Desks, beds, chairs, inside, outside. It’s great to not think about any of it, and just get on with it, legs under the desk, that’s the basic. I’ve tried it all. Longhand, shorthand. Early, late. I’m naturally a night person, I like that peace. Straight, drunk.
I don’t think caffeine’s great for my writing at the moment, I wonder about whether speed would help, or those mad clever drugs, but I’m more of a valium and chamomile tea at night kinda writer. I find mornings a bit industrious, but there can be a sense of pleasure with getting it done early, there’s nothing like an afternoon nap when reading your own work.
I actually like stories working together like jigsaw puzzles, so they become something unexpected, that can be a naturally slow process, but sometimes it’s almost written before you’ve started it, I like letting work breathe, after the lack of that as a journalist, and I’ve been lucky in my fiction to not have had any deadlines or pressure with writing to deadline, so I’ve taken pleasure in learning how to do it naturally rather than having to force it, but there is nothing as good as battering away on a book. That’s total sex.
Who are your favourite writers? And which writers are you influenced by?
I relish in whatever I’m discovering. I am an enthusiast. I hate that about myself, but I do get impressed by others. I love DBC Pierre, he was one of the key ones when working on early drafts of this, and all the usual ones of Nabakov, Jean Genet, Martin Amis. Paul Auster. Ralph Ellison, EM Forster, the male canon of alt hip: all the Hunter S. Thompson, Ken Kesey, X Press. Irvine Welsh, Bukowski, Angela Carter. John Niven. Anthony Kiedis’s biography is great. Patti Smith’s Just Kids, Please Kill Me is brilliant. Wayne Kramer’s biography is brilliant. I like Rob Doyle, and his style appears easy but I know it’s not. Bulgakov. Hesse. Huncke. JG Ballard. Geoff Nicholson. Brett Easton Ellis. Donna Tart is a complete icon to me. Many of the authors at Wrecking Ball: Ben Myers, Adelle Stripe, Tony O’Neill, Dan Fante. Recently I’ve been into Ottessa Moshfegh, Virginie Despentes, Eliza Class, Roisin Kiberd, Morowa Yejide, Jenny Fagan, Shola von Rheinhold, I read a huge amount, as a reviewer and editor. Today I’m reading Deborah Levy, Will Burns, David Keenan and Richard Hell.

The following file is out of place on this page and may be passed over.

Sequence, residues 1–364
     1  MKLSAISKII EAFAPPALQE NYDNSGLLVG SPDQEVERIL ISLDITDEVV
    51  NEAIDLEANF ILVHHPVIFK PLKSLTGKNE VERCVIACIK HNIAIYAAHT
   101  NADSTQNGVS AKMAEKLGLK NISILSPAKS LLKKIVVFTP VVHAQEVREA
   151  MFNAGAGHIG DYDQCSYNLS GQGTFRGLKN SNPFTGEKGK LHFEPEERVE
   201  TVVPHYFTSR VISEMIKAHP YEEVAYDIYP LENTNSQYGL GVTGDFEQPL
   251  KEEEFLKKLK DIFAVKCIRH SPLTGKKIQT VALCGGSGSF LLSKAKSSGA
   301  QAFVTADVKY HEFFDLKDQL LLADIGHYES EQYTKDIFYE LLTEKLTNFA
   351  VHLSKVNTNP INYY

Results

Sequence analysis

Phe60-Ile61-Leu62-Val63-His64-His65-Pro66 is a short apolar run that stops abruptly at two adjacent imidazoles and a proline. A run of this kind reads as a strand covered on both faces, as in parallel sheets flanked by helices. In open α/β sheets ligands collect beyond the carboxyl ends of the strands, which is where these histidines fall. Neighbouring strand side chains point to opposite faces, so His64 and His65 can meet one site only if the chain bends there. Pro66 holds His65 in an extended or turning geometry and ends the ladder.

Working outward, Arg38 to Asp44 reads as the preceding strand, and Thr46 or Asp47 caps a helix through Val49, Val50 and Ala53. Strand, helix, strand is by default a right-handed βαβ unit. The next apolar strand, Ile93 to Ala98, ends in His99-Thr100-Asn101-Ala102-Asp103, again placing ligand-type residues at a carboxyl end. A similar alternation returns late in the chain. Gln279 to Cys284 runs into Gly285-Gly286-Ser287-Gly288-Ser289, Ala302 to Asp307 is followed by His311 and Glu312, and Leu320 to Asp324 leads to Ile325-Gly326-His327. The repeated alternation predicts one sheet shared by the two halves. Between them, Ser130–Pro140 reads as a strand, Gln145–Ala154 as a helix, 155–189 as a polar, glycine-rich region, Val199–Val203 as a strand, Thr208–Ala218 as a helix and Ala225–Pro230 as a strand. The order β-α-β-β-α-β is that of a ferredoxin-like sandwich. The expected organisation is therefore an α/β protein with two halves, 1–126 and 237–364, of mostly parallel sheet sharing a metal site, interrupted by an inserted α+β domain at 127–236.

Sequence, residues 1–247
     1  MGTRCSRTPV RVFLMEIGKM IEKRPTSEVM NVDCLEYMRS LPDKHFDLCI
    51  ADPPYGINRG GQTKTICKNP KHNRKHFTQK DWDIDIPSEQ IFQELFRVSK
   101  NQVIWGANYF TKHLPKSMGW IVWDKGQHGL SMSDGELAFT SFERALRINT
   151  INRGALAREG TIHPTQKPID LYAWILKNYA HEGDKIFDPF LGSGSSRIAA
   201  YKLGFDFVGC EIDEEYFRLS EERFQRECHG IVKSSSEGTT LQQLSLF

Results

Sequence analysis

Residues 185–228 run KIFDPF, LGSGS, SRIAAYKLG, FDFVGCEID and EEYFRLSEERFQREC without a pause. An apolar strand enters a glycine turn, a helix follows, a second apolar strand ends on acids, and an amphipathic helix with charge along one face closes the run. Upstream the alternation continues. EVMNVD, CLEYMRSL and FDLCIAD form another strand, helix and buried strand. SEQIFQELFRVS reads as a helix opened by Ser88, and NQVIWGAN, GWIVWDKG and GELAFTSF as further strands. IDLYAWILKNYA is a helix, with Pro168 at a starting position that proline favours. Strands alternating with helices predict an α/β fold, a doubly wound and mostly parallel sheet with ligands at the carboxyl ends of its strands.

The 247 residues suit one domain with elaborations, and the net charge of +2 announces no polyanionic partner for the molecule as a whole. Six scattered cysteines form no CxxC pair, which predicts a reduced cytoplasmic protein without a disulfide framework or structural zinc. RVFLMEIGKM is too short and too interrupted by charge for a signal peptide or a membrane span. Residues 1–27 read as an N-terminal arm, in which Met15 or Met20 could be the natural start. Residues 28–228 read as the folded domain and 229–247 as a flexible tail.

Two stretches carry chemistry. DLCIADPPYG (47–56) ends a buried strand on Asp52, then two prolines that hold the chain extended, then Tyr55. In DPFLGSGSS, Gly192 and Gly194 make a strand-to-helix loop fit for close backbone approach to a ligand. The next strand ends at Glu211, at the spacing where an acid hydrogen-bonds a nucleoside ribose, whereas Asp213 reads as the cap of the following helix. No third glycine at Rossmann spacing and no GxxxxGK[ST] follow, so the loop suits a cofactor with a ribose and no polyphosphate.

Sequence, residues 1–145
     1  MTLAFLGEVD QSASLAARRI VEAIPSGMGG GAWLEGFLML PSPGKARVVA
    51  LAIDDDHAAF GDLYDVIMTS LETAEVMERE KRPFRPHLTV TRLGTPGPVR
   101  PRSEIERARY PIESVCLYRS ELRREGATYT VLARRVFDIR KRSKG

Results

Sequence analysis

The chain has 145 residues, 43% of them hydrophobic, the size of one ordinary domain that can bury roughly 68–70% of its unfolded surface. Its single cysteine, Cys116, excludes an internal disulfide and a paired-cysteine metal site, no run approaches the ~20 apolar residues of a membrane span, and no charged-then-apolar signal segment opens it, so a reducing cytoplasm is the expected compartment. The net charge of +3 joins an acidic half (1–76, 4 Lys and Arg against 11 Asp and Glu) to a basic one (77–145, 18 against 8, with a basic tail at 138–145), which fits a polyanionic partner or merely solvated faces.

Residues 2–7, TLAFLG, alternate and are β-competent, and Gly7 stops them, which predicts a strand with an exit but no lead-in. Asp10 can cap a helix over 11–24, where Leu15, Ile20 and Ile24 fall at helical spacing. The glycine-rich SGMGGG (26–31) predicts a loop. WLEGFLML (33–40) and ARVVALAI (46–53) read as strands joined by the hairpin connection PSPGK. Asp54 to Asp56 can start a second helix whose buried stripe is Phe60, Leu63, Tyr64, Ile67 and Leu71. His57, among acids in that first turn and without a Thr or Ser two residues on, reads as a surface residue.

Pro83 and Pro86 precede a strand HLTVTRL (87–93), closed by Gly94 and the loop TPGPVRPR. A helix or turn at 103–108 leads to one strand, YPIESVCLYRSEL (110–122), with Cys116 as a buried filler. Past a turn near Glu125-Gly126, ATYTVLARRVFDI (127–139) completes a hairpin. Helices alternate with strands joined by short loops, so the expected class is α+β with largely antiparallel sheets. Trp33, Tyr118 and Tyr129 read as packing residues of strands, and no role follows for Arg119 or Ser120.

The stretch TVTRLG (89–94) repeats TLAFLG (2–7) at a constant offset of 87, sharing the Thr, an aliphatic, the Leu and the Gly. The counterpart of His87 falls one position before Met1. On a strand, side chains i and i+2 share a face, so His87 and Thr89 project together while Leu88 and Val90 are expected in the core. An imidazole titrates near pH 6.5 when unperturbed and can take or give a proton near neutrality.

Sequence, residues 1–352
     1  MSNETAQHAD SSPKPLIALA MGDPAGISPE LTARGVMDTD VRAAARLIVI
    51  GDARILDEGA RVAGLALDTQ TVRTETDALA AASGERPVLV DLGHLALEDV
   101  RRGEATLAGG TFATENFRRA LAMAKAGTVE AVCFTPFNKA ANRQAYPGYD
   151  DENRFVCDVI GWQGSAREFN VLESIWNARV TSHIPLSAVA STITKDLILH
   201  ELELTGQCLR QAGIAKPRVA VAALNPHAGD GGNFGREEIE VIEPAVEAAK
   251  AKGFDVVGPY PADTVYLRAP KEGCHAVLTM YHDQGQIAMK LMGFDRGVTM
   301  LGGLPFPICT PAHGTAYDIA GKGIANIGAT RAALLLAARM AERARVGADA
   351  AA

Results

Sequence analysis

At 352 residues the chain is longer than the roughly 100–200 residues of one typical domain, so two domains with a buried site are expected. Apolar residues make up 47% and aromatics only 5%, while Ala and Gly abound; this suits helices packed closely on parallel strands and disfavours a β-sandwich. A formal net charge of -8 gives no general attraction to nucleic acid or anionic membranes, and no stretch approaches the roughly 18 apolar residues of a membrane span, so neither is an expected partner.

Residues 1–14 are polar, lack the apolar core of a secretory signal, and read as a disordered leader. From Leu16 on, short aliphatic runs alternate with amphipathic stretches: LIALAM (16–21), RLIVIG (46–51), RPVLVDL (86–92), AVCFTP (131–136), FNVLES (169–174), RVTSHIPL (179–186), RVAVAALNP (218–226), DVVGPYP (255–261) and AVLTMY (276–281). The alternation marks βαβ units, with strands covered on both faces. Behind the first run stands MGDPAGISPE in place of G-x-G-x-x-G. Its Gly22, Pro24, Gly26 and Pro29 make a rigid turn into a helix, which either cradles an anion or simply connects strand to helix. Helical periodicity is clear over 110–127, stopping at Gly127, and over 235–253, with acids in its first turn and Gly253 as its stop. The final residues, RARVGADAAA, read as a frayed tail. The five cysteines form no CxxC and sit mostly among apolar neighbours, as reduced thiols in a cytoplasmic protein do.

Similarly, what is your favourite novel?
I always say Nabokov, Lolita, because it just blew me away to an unprecedented level.
Why this novel now?
90s are back. And now they read like history.
Do you have any thoughts about your experience of independent publishers?
Do you have any thoughts about your experience of independent publishers?
Hahah. I mean, I want the house in the hills that I can write in, and shoot an airgun out of like I’m Daphne Du Maurier. Can you provide that?
What else are you working on and what does the future hold for you as a writer?
I finished another book called Rambling Rose, and I’m about to plunge back into writing a big novel, it was confusing because it went out of sync with lockdown world, and it’s 30 years in the future, and there was no future for a while, but I just threw one of the characters from Psychomachia into it, because I missed them, and that’s churned the whole thing upside down, but it is more exciting so I’d like to concentrate on that for a while. There’s always poetry and short stories coming out of me too.
Beyond that, I’m going to record an audiobook, and versions of Psychomachia. I might do some of that on my Substack. I really owe the subscribers some stuff. I want to make a film of the promo of the book this summer, something poetic and documentary, and develop the novel as a film installation with performance.